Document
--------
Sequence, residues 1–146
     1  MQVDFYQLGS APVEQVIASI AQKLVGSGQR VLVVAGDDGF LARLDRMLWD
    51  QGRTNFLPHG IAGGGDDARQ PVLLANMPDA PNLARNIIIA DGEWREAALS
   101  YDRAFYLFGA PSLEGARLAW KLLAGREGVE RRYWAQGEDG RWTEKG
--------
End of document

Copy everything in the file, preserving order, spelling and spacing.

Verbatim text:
Sequence, residues 1–146
     1  MQVDFYQLGS APVEQVIASI AQKLVGSGQR VLVVAGDDGF LARLDRMLWD
    51  QGRTNFLPHG IAGGGDDARQ PVLLANMPDA PNLARNIIIA DGEWREAALS
   101  YDRAFYLFGA PSLEGARLAW KLLAGREGVE RRYWAQGEDG RWTEKG